Little League season is in full swing, weather permitting. A huge step in the evolution of many a young hitter is the jump from tee ball to a pitch league, whether coach or kid. The tendency for this level is to abandon the tee in order to place an exclusive focus on hitting a pitched ball. Seems reasonable, yes? In reality, what often happens is that a young batter is unprepared to hit a moving target and has some mechanical flaws that were masked by their previous success in tee ball.
For instance, if you see a tee-ball batter take his stance then straighten his arms to full extension and hold the barrel of the bat to the ball for several seconds or as a repeated measure before swinging, this is a warning sign that the swing is long, looping, sweeping and is destined for inconsistent success when attempting to hit a pitched ball. The swing must be shortened.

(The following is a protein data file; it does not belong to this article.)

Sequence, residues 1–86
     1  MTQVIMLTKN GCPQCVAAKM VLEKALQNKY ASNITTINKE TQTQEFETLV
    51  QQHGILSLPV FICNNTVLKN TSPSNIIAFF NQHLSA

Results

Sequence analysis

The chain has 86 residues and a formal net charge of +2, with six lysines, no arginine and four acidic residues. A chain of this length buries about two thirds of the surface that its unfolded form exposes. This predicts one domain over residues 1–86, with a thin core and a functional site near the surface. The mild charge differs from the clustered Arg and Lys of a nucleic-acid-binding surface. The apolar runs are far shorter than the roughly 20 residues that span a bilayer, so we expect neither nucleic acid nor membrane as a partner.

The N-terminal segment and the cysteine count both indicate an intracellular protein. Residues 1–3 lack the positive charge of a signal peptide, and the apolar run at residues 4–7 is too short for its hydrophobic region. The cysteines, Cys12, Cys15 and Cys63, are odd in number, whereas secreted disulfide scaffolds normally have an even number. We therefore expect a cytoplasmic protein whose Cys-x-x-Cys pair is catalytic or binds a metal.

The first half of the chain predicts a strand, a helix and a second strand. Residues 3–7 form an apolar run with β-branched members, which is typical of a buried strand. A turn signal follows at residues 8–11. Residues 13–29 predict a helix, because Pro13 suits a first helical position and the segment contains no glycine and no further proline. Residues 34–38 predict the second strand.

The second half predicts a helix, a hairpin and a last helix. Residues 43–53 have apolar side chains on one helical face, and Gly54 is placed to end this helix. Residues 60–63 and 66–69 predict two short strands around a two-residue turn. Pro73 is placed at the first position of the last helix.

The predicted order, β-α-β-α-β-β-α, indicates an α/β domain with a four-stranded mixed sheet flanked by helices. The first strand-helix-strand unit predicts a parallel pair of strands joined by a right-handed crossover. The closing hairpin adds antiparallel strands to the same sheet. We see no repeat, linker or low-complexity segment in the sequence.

Also, if a tee-ball batter assumes his stance, then makes an exaggerated loading movement backward (toward the catcher) as if he’s hitting a golf shot as a part of initiating his swing, this is a warning sign that his swing will be late and ill-timed when attempting to hit a pitched ball. The load must occur before the swing, as a precursor, not as a part of the swing.
The tee is an incredible and valuable resource that is often derided as being “too easy” or “only for beginners.” However, it is perhaps the only way to uncover and overcome these, and other, technique flaws. Use the tee as a complement to the pitched ball. Keep both in your repertoire for maximum success and pity the fool who abandons the tee!